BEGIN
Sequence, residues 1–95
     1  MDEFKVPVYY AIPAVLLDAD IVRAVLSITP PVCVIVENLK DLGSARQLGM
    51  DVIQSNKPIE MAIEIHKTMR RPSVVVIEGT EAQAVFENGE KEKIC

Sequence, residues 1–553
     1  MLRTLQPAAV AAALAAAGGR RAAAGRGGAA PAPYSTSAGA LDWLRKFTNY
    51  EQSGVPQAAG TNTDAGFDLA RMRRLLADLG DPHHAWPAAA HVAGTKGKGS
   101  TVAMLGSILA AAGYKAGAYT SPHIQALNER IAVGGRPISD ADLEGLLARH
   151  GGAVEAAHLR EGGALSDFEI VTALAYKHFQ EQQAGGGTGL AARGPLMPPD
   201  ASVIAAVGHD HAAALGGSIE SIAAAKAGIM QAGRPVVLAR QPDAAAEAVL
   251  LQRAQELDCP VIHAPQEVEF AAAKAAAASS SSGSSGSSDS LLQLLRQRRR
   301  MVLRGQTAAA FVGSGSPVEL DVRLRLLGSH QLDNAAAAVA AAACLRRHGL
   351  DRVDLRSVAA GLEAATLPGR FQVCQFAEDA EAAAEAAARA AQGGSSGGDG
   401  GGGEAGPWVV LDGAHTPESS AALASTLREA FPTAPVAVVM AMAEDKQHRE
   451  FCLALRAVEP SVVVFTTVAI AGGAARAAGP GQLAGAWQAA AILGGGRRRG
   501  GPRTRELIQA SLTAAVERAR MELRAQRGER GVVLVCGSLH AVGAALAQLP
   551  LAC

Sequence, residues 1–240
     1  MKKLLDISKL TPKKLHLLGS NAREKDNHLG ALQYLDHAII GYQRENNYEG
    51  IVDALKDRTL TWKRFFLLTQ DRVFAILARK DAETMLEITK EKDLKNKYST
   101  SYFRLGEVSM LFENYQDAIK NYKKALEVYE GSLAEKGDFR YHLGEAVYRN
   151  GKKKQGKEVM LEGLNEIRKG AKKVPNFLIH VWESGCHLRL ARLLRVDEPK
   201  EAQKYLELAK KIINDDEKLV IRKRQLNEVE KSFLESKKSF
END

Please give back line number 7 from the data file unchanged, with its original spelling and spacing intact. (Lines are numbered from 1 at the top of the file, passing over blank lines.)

   101  TVAMLGSILA AAGYKAGAYT SPHIQALNER IAVGGRPISD ADLEGLLARH